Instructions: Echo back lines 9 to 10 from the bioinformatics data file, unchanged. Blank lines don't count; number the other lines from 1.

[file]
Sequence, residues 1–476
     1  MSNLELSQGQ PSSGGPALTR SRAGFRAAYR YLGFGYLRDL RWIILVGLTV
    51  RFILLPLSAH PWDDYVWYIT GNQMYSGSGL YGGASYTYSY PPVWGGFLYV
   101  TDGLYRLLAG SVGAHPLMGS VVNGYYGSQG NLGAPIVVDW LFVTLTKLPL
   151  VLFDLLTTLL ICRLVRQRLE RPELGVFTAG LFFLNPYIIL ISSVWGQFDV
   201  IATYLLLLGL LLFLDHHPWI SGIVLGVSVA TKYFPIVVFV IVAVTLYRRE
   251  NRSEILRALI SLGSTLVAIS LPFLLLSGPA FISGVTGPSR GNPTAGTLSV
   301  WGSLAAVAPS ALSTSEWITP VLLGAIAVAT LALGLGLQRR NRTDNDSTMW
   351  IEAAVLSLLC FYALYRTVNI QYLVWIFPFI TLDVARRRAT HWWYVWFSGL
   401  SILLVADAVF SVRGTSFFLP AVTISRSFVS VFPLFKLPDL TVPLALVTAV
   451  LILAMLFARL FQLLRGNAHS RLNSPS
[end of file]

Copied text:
   351  IEAAVLSLLC FYALYRTVNI QYLVWIFPFI TLDVARRRAT HWWYVWFSGL
   401  SILLVADAVF SVRGTSFFLP AVTISRSFVS VFPLFKLPDL TVPLALVTAV